Money talks. Show me the money. Put your money where your mouth is. That’s the money shot. Right on the money! There are countless phrases and idioms in our everyday speech that reference money. This is probably because the culture of our society is so focused on it. Money is often tied into the end goal of the perfect dream house or dream car or luxurious vacation getaways. So it is no surprise that there are several careers, fields, services and companies devoted primarily to money, and making as much of it as possible in as many ways as possible.
IPO firms, quarterly snapshots, prime broker services
For those in the investment world, terms like these are used regularly. But for those attempting to break onto the scene, things like quarterly snapshot and IPO data may seem a bit confusing out of context. But those committed to delving into the business of money will want to continue to learn and study every last piece of information they can get their hands on in order to reach success in the end. While glancing over some basics of the business is a good start, the intricacies of the investment industry are so great and complex that it barely breaks the surface.
A quick peek at the top of the money tree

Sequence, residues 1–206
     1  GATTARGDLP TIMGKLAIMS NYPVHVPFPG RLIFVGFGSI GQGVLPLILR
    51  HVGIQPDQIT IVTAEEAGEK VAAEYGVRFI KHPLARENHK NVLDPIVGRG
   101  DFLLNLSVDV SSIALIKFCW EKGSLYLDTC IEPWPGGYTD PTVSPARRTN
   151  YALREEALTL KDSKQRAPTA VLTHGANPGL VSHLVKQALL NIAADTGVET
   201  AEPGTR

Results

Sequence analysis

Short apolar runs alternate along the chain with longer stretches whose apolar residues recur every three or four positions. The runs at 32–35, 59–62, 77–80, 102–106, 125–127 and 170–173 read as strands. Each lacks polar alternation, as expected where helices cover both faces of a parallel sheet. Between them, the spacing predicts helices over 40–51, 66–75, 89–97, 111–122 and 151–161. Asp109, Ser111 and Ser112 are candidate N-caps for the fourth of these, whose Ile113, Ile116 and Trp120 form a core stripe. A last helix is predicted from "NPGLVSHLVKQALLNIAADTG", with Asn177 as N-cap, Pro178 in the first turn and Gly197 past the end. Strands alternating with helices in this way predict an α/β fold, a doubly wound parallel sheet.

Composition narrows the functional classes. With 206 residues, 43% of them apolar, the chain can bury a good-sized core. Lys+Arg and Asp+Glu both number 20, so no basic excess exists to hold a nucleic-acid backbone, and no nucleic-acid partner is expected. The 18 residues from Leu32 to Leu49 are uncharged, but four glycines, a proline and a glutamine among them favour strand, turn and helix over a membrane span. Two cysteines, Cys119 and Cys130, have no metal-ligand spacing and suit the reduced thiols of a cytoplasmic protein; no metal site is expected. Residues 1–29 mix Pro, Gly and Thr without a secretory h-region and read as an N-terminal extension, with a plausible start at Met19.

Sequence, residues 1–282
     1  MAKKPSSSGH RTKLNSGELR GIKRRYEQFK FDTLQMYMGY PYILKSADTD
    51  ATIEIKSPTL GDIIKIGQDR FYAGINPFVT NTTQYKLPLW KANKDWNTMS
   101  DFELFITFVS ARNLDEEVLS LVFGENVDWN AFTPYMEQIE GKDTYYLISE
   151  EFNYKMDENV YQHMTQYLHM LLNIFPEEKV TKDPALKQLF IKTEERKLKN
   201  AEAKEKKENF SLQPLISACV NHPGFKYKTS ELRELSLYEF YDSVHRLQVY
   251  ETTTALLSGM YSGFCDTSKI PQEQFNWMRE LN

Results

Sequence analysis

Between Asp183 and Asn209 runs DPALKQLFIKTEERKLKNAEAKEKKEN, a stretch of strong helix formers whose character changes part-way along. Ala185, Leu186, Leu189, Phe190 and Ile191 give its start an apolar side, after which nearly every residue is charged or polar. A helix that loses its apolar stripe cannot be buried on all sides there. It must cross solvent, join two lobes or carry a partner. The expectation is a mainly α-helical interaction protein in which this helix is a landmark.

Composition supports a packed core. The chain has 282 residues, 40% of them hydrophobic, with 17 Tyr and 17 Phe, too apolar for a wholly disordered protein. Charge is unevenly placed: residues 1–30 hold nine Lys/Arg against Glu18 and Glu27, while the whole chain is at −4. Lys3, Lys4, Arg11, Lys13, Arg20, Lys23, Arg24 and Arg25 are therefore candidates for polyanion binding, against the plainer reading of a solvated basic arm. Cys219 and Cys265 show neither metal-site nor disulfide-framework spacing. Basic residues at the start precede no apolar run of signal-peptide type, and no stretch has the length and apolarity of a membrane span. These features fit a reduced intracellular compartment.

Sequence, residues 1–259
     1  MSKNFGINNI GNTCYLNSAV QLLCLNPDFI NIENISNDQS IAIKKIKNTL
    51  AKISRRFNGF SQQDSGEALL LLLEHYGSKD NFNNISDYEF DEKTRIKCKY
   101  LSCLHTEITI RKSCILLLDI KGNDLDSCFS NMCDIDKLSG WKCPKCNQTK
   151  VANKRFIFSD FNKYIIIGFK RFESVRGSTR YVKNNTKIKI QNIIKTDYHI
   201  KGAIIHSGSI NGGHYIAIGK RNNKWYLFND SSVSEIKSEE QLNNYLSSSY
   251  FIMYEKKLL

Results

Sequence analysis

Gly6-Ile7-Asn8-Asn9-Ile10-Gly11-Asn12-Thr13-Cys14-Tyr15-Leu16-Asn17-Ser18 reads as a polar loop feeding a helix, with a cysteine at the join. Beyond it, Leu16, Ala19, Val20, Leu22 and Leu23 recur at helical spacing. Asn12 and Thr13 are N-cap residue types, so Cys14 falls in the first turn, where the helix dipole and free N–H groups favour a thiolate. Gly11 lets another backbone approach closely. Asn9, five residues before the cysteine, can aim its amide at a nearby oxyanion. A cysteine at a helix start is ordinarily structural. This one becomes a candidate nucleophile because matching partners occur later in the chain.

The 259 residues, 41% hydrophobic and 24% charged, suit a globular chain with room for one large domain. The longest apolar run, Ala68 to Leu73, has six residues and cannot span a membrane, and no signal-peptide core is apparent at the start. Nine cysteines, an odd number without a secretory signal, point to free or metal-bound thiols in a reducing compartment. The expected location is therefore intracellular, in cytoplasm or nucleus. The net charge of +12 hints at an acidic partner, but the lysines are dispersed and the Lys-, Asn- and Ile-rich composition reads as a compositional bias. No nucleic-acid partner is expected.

So what are some key things to know, or to know to look for and learn?
IPO refers to initial public offerings, which is when institutional investors buy shares of a company to sell to the public for the very first time, turning a company that had been privately held into a public business. The prices of IPOs are about 13% to 15% less than regular trading prices, on average, and about 10% to 15% of the company is being offered for sale.
- Hedge funds
Initial public offerings typically go to hedge funds and investment banks that are willing to buy quite a bit of stock before the actual debut. The companies can then see significant gains on the first day of trading. These hedge funds are meant to manage the risks and returns of investing by doing so in a variety of ways.
- Quarterly snapshot
A quarterly snapshot, very simply, is a quick look at the financial reports of a business or institution for one quarter of the year. It can give an idea of how well things are going and give projections of how things might go in the future. By dividing the year and financial transactions into fourths, it becomes easier to compare the risings or fallings of the market and what to shoot for.
Each branch of the investment world money tree is complex and varied. But by learning about the movement of money, the market, our society, and how all of these things interconnect, you can begin to understand how hedge funds, institutional investors, stocks, and money in general work to keep things up and running.